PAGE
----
I honestly thought that someone just let one slip while they thought they were muted. I could see a few smiles and chuckles on the screen – a few people asked in the chat section: “Did someone just fart?” I actually wondered for a moment if anyone thought it was me… (Ummmm, it wasn’t! At least not this time).
Then a blurry video popped up briefly as a screen share, then disappeared. Lori joined the call and as we were about to start, someone farted again – and again. Then, the pornography started…
We were being Zoom bombed with great efficacy and scrambled to deal with it. Lori and I were also on a group text with 4 others including PHE Canada staff members who were hosting the Zoom. Rapidly trying to text, talk to participants, type in the chat section and make a decision made 60-90 seconds seem like an eternity. As fast as we could, the Zoom was shut down.
At that point, I thought we were done. Big public fail with 450+ wonderful HPE teachers who just wanted to connect and support each other during a time of crisis – not listen to fart noises and see porn videos (at least we maybe met a sex ed outcome or 2… too soon?). We had some frantic calls, texts and the decision was made by Melanie, PHE Canada’s CEO (@MDPHECanada), to send a new link to those who RSVP’d, shut down screen sharing, admit people one by one for screening purposes and try again.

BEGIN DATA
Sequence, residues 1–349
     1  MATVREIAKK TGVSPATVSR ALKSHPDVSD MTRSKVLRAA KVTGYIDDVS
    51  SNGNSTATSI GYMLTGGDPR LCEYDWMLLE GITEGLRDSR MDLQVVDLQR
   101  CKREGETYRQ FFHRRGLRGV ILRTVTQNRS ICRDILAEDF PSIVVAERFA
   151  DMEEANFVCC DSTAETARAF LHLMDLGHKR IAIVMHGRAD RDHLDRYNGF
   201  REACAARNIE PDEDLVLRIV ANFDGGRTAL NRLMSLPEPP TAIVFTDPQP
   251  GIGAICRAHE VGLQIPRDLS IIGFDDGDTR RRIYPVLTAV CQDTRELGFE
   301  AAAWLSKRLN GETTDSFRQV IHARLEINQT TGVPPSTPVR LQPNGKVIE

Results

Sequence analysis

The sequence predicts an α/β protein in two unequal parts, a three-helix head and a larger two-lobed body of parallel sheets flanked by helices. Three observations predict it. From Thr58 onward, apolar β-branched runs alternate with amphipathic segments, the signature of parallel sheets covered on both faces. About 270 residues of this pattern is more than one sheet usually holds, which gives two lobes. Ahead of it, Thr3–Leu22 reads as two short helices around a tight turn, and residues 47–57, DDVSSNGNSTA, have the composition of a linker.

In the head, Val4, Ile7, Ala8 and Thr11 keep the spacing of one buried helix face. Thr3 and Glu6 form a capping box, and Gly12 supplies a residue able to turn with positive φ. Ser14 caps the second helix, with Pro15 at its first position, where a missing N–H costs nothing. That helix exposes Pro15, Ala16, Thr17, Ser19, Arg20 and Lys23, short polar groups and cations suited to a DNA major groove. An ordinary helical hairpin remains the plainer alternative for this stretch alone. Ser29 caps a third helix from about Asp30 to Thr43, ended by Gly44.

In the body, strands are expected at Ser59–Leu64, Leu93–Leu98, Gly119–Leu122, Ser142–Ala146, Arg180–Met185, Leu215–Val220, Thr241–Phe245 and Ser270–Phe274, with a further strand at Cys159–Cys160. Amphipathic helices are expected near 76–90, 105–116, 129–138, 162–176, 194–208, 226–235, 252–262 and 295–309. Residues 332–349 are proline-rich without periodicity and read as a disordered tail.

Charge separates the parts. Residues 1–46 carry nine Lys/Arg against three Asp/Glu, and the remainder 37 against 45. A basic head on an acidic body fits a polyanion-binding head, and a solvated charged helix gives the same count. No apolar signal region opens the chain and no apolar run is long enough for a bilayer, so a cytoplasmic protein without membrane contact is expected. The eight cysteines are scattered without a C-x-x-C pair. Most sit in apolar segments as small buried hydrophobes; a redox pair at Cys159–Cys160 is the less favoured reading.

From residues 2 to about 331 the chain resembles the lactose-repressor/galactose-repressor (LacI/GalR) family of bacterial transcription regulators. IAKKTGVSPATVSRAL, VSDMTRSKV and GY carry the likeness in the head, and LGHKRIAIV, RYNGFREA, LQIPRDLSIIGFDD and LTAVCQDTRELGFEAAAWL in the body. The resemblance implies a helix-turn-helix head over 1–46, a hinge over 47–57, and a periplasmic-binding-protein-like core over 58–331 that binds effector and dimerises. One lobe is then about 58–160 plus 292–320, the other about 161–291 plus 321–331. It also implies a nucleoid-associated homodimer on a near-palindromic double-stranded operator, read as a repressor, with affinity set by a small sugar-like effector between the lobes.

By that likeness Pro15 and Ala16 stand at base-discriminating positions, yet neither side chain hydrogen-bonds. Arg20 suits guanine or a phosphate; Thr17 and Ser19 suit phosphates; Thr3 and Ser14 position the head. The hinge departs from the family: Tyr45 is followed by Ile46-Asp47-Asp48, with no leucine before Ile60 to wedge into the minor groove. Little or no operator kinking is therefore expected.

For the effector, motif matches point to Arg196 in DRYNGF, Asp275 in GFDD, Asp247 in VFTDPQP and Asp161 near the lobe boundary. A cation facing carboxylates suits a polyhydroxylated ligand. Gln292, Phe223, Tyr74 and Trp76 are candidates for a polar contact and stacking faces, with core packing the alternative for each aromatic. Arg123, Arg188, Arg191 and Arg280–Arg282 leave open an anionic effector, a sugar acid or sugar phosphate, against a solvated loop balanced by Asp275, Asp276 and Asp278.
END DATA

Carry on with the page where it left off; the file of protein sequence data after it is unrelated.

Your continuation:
I am not sure I would have made that decision, but I am glad Melanie did (#highfive!). To get right back up and try again, even with the extra measures, took guts and resiliency. Even though we were prepared to shut the second attempt down immediately (I pictured someone at PHE Canada sitting in front of a large, red button – “Shut it down, shut it down!”), there was a risk involved. Would anyone come back? What about our reputations? Even though the hacking was not our fault, it didn’t feel good to have that happen on our watch.